Mumbai Indians v Super Kings, IPL 2014, Mumbai May 10, 2014

Mumbai's home streak ended at 10

Chennai Super Kings 160 for 6 (Smith 57, Malinga 2-15) beat Mumbai Indians 157 for 6 (Rayudu 59, Ashwin 3-30) by four wickets
Scorecard and ball-by-ball details

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Hattangadi: Pollard and Anderson not utilised well

It's a tight Saturday prime-time IPL match involving the two highest profile franchises in the tournament. Guess who delivers when it's a big game? MS Dhoni is perhaps the best finisher in the limited-overs game, and when Chennai Super Kings needed a big hit in the final over, he duly obliged, as he has so many times in the past. It came down to 11 off the last over, and Dhoni responded by calmly whacking a six over deep midwicket before wrapping up the victory with three balls to spare.

The last time Mumbai Indians lost an IPL game at the Wankhede Stadium was back in 2012, so long ago that their openers were Sachin Tendulkar and Herschelle Gibbs. The 10-game winning streak at home was built on muscular batting and depth in the bowling, neither of which were in evidence today.

After the peerless Lasith Malinga had produced another superb Twenty20 burst to drag them back into the game, Mumbai had to turn to Kieron Pollard for the final over. #BreachTheFortress Super Kings had been tweeting all day, and when the fortress had to be defended from Dhoni in the final over by amiable medium-pace, there was only going to be one winner.

Mumbai didn't help their cause by again keeping their biggest guns in the holster too long - Rohit Sharma came in towards the end of the 12th over, Kieron Pollard got a look-in only in the 18th, and Corey Anderson even later. When Rohit walked in, the run-rate was still hovering around six. The inclusion of Lendl Simmons worked better than the ill-fated experiment with Ben Dunk, but they will still expect quicker innings than a run-a-ball 38 from their specialist overseas batsman.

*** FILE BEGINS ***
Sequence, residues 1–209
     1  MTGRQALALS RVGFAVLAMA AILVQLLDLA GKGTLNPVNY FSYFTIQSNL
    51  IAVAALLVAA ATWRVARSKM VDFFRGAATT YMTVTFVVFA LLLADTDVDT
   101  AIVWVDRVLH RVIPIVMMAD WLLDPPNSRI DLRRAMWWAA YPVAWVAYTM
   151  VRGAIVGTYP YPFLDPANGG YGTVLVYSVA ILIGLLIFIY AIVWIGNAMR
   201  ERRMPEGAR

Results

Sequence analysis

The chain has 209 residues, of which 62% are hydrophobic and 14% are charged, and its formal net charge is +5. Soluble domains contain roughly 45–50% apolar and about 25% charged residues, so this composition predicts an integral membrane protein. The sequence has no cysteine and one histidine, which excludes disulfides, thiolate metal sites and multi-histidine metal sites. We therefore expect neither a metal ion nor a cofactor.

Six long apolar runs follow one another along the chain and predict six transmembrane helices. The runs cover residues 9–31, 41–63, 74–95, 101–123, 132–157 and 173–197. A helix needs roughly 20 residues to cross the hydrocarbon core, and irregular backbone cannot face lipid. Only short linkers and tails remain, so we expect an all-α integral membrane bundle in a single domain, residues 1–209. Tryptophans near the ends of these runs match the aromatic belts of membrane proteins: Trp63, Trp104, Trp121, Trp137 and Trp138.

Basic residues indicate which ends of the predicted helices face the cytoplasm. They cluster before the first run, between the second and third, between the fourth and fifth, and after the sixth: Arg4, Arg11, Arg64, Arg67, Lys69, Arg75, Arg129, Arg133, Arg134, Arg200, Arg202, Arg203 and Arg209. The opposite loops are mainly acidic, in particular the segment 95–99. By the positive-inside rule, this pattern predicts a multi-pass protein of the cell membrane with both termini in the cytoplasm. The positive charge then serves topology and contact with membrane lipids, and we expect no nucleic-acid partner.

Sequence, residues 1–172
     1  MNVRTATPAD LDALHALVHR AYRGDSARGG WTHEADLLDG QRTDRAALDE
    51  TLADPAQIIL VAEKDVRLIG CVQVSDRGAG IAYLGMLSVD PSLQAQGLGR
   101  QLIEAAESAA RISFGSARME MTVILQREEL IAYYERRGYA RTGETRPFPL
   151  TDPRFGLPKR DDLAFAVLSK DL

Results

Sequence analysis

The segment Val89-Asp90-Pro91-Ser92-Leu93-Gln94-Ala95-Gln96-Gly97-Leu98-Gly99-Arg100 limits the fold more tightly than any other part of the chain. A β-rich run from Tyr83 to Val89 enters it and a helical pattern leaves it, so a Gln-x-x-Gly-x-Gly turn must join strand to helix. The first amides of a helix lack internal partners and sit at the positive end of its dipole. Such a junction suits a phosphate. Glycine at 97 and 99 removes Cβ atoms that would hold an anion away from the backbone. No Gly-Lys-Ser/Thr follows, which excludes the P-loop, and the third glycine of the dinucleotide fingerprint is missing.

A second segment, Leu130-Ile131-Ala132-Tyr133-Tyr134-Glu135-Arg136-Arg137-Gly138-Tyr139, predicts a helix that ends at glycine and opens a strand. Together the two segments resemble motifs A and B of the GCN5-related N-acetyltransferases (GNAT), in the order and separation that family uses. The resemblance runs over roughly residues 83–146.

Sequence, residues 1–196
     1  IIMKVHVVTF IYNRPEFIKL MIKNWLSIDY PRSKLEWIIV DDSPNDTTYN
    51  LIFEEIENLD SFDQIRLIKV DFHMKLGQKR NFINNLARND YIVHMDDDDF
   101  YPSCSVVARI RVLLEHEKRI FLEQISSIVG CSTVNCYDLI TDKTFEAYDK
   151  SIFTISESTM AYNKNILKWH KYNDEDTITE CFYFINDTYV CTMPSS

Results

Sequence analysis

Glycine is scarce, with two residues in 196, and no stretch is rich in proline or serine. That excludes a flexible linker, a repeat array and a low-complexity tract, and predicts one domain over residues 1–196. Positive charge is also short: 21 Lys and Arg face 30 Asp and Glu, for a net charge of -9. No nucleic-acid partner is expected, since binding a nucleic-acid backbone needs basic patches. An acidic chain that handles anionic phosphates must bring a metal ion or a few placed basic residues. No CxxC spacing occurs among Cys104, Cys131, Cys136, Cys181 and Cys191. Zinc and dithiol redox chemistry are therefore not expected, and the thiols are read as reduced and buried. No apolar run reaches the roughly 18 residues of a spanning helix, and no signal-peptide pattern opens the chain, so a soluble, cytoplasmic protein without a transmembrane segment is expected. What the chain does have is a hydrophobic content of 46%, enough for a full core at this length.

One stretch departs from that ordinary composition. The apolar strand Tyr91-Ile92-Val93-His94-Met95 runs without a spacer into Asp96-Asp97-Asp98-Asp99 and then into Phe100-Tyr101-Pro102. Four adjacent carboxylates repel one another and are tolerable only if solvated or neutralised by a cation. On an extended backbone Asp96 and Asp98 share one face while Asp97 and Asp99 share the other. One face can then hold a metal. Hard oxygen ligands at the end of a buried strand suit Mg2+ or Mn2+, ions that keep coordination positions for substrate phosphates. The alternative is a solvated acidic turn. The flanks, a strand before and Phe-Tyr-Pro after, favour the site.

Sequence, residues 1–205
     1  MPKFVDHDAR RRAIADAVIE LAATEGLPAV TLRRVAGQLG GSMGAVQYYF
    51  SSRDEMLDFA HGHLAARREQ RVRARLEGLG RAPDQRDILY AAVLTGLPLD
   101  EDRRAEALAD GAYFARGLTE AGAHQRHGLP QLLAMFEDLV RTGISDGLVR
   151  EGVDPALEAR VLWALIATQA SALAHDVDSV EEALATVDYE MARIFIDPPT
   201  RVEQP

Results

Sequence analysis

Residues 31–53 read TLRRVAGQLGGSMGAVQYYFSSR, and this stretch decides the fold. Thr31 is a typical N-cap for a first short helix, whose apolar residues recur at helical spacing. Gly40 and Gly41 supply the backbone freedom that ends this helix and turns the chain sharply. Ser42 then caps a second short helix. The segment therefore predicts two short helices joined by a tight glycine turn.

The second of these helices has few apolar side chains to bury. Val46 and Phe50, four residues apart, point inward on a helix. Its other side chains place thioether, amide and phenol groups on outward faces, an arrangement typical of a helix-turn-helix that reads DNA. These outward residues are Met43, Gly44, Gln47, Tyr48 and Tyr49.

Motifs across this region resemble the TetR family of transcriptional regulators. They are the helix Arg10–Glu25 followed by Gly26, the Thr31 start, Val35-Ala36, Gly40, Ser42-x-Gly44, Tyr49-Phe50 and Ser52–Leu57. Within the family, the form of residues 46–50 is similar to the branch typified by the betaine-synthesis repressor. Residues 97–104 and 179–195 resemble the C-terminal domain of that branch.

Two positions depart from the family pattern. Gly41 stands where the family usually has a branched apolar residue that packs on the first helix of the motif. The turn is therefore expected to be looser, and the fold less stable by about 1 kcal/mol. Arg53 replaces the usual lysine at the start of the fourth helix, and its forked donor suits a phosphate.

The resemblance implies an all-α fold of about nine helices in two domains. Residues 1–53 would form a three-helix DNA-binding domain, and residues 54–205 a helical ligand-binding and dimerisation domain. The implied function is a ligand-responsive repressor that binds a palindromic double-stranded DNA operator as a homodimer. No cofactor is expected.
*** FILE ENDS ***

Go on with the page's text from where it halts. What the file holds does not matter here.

On a surface where Super Kings brought in an extra spinner in Samuel Badree, and on which R Ashwin and Ravindra Jadeja got plenty of assistance, Mumbai's spin department featured only Harbhajan Singh. Though chances of qualification for the play-offs are becoming remote, there were a couple of heartening things for Mumbai fans - Praveen Kumar showed he can be venomous with the new ball, and Ambati Rayudu shrugged off a run of lean scores with a half-century that anchored the innings.

Super Kings looked to be in control for much of the chase, helped along by a stop-start Dwayne Smith half-century, though they were rocked by a couple of woeful umpiring decisions. Brendon McCullum was sent on his way though the ball was clearly headed down the leg side, and the third umpire decided Suresh Raina was stumped though the replays suggested otherwise. They were also helped by the umpiring in the 17th over, just as the nerves were beginning to jangle: Jadeja was dead plumb to a full slower ball from Malinga, but the umpire somehow thought the ball would miss the stumps. He wasn't misled by Jadeja waving the bat as if to suggest he hit the ball, and the call of leg-byes only made the decision even more inexplicable.

Before the late drama, perhaps the highlight of the match was the astonishing range of boundary catches and drops - Mithun Manhas put down a sitter at long-on, Harbhajan Singh misjudged the line and could only get one hand on a midwicket six at a crucial juncture of the chase, Samuel Badree judged the ball perfectly at third man but could only push the ball over for six early on, Jadeja caught the ball at deep midwicket but failed to let the ball go before crossing the line, Simmons juggled three times before pocketing the ball at long-on, Raina took a couple of difficult tumbling efforts at midwicket, and the biggest wow-moment was Faf du Plessis flying across to catch a brutal hit at long-on before releasing the ball mid-air as he headed for the rope.

While the packed house roared on all that athleticism, they had come to see a Mumbai win. They got the second best thing - seeing the biggest name in Indian cricket do what he does best.

Siddarth Ravindran is a senior sub-editor at ESPNcricinfo

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